In the first project, it was rather difficult adding cladding to all of the walls, so I worked on some methods within a program using Revit API to automatically accomplish this task.
I began with a straight wall. The Ids of the wall and the cladding element (at the corner of the wall) were brought into the program and set as variables.
The only parameter values needed from the wall were its length and height.
Revit has a LinearArray class, which was used to fill the wall. The number needed in the array was determined from 2 variables. One used the wall length divided be the clad width, and the other used the height of both and performed the same calculation.
An array along the length was created first. Next, this array is stored in a variable and used to create the second array, filling the height.
An issue with the array is that all of the elements are stored in their array groups. If some elements are unwanted, i.e. those over the door, then attempting to delete them causes sporadic problems with other elements across the wall as shown.
I attempted to also run this for a curved wall. Revit has another class called the RadialArray that would need to be used in this example. Unlike the LinearArray, which uses a location point, the RadialArray uses an angle in radians. The issue with this class becomes apparent during execution. Arrays work from the element's center, and arraying from the cladding's center causes the array to miss its wall host, deleting the elements. To fix the code, the user would need to open the class, which is not available.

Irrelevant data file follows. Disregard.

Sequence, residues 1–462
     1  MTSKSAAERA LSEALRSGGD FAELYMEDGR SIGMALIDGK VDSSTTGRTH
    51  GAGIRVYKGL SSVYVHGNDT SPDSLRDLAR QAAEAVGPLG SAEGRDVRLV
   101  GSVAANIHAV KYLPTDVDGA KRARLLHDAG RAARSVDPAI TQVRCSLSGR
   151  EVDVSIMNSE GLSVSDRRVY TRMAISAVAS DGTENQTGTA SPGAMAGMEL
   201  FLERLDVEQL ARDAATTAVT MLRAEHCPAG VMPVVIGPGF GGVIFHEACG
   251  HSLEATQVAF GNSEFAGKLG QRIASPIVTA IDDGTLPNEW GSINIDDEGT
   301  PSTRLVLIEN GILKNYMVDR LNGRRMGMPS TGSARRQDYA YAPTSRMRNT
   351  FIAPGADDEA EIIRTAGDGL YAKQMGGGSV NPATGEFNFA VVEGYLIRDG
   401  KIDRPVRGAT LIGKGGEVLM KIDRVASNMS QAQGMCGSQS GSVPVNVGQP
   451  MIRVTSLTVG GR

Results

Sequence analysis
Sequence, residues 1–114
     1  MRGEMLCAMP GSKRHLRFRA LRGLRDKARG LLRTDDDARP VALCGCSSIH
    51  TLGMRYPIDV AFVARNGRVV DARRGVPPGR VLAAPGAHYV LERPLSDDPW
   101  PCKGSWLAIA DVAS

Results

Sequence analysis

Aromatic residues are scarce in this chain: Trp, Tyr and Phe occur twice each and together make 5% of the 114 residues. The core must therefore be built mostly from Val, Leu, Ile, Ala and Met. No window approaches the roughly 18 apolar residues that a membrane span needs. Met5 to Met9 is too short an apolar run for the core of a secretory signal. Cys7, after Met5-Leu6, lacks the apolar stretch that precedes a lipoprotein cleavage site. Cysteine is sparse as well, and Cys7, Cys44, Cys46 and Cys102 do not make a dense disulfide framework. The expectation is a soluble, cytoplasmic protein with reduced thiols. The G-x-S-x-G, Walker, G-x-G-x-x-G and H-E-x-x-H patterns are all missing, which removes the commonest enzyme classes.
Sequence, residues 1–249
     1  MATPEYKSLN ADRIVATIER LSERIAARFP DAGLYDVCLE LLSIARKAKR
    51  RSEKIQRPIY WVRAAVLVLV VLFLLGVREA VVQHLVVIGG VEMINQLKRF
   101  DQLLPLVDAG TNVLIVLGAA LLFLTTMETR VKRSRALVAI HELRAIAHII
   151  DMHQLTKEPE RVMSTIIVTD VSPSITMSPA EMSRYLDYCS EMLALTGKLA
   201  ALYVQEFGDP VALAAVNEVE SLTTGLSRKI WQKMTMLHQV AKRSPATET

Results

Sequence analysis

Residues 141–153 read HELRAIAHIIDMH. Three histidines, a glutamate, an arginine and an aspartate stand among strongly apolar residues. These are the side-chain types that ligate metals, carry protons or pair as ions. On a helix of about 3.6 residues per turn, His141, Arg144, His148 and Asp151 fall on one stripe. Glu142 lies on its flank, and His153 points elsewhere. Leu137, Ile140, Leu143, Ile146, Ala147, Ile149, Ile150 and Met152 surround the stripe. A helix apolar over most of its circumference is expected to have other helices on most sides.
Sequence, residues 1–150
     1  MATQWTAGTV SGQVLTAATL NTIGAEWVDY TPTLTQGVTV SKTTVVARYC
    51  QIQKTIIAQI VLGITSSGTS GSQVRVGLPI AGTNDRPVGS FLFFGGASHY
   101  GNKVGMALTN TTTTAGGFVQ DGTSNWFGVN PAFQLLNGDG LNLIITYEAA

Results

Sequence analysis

Getting the wall and cladding Ids for the program
Other methods were tried to fix the RadialArray. I tried to change the cladding's location point before the array to the wall's center, but since it cannot leave its host, it was unsuccessful.
A smaller wall host was put at the curved wall's center with cladding. The idea was that when it is arrayed, the cladding would have the curved wall to host into; however, this was also unsuccessful.
The current solution for curved walls is to manually array the length, since the rotation location point of the cladding can be moved to the wall's center.
Then, either manually array the height using the first array, or select all elements of the array and input them into the program to allow it to array the second one.
Another method was tried eliminating arrays.
Instead, two for loops are used, one for length and one for height. They are set to run to the length of the wall's length and height from the variables already calculated in the other program.
The wall's location point is found and set, which is where the cladding knows to begin filling in. These location points are XYZ coordinates.
With this method, the elements remain as individuals and not as a part of a group, so deleting individual cladding elements is not a problem when replacing them with doors or windows.
A step further adds an if statement to the code that causes the loops to jump over the location points of door or window ids that are sent to the program, eliminating the need to go back and delete unwanted cladding.